By Julio Perez, Fall 2017 Graduate Research Assistant
“Portfolio” is another one of those investment terms most people hear tossed around but might not be sure exactly what it means. In short, your portfolio is your combined holdings of stock, bond, commodity, real estate, cash, and all other investments you might have. Usually you or your broker will have this list of all your investments, and it is an easy way for you to keep track of your interests. Once you have your portfolio, you can focus on diversifying it.
Diversification is the process of mitigating your investment risk by spreading out your investments across different stocks, bonds, real estate and other investments, a process also known as “asset allocation.” The mitigation factor is fairly evident: if half of my portfolio is dedicated to pork bellies and the other half to orange juice, when the pork belly market collapses, I will still be negatively affected, but not as badly as if all of my investments had been pooled in pork bellies. To put it colloquially, diversifying your portfolio is living by the old adage: “Don’t put all your eggs in one basket.”
Back when we discussed risk, I explained risk as an inverse correlation between risk and reward. One way of picking out a diverse portfolio is making sure your assets have uncorrelated performance, that is, they go up and down in value independently of each other. Another rule of thumb is to make sure you diversify between asset categories and within asset categories. Between asset categories means investing in bonds, stocks, and cash assets instead in just one of the three. Within an asset category means buying stock, bonds or cash assets in different companies, services, goods, etc. instead of all your investments being in one product or another. Another factor many people don’t consider is geography. You might have your investments spread out across bonds, stocks, and cash assets, and they may also be subdivided six different ways within each category, but if all those assets are focused in businesses or entities within one city or state, any local upheaval or natural disaster that throws that area’s market into disarray will hurt all of your finances.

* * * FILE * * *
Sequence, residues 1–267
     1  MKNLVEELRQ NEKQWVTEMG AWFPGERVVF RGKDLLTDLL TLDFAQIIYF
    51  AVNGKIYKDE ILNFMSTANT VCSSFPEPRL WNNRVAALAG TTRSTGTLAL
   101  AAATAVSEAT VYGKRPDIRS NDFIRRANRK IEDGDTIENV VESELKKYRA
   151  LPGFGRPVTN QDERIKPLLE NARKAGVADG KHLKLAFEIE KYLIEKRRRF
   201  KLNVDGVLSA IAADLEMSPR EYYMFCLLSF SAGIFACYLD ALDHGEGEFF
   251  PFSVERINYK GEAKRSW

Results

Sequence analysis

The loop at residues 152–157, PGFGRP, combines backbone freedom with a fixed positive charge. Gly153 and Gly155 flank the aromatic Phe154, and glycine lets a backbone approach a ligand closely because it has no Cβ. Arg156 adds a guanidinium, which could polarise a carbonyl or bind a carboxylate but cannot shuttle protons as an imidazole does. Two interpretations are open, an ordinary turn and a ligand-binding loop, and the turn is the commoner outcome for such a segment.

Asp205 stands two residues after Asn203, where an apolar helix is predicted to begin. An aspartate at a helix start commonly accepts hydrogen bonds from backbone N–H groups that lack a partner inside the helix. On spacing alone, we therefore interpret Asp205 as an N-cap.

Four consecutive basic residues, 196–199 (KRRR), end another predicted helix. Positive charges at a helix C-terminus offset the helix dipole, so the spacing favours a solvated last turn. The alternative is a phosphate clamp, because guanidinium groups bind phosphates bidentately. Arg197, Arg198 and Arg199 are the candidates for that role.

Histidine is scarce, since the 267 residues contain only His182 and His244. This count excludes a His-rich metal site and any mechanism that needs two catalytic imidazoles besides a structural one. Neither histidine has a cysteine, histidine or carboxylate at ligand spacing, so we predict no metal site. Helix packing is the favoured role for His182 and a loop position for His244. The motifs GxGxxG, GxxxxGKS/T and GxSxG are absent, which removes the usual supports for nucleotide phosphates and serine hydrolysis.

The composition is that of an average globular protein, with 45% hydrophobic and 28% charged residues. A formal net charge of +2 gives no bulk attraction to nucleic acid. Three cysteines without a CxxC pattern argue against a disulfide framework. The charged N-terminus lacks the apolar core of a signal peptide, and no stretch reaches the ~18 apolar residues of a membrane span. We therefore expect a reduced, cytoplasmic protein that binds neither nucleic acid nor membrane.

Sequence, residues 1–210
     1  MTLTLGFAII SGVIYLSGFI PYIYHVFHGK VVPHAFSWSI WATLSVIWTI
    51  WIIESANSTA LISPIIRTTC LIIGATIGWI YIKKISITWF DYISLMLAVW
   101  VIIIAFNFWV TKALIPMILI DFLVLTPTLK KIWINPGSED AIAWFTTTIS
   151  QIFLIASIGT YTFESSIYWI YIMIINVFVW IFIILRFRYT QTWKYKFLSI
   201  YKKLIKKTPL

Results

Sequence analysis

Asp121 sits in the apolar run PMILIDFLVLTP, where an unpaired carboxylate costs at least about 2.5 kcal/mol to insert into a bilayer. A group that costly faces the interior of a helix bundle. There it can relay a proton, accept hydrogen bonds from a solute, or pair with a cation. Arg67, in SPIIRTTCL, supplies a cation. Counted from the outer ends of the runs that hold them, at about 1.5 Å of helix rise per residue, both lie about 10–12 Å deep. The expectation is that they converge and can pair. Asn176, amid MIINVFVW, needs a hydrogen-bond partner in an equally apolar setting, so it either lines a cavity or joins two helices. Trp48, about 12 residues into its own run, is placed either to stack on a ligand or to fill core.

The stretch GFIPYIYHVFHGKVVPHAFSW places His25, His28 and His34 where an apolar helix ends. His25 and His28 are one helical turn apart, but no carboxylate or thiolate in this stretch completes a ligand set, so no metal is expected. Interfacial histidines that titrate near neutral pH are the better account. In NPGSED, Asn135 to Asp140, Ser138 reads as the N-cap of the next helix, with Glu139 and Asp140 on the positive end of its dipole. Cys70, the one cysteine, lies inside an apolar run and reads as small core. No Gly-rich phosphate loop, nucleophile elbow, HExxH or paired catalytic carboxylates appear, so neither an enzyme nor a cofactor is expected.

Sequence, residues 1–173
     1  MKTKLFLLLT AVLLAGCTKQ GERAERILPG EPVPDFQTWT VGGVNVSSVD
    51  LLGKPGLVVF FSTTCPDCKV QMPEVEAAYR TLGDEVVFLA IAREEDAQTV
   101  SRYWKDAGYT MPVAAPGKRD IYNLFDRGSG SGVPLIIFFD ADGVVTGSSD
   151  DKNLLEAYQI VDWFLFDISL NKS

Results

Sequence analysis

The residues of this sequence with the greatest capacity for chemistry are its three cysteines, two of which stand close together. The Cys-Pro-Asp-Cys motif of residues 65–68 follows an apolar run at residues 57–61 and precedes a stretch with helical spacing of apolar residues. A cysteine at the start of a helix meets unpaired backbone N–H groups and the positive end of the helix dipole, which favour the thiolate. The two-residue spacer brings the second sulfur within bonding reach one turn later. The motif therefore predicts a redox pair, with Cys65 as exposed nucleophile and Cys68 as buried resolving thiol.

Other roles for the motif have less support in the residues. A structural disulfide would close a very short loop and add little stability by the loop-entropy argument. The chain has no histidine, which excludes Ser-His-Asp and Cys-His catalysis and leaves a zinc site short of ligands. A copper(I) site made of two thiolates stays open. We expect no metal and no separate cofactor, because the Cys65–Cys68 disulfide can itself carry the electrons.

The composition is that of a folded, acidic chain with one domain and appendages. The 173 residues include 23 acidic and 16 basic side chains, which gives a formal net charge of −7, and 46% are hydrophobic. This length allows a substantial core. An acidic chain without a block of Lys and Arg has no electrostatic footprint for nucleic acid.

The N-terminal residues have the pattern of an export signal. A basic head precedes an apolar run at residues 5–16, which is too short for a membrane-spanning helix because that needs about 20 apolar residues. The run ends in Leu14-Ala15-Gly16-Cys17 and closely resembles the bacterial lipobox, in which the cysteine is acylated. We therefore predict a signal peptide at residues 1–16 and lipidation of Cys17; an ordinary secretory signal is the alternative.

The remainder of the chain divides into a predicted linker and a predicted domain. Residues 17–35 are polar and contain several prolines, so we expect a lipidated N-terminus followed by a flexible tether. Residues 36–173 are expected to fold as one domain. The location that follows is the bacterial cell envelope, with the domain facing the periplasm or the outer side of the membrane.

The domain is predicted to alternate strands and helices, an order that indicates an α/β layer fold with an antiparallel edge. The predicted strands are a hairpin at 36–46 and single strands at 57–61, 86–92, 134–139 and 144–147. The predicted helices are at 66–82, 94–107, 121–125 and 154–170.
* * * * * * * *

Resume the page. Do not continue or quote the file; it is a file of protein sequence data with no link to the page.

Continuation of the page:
Of course, while diversifying your portfolio, you still have to think about your risk tolerance and investment goals we discussed; you might want to put your investment into one type of stock because you expect the profit to be well worth the risk, or you might not mind lowering your profit margin if it means not losing everything overnight.
Translated: “You can’t invest all your money in fruit leather stocks! Don’t put all your eggs in one basket!”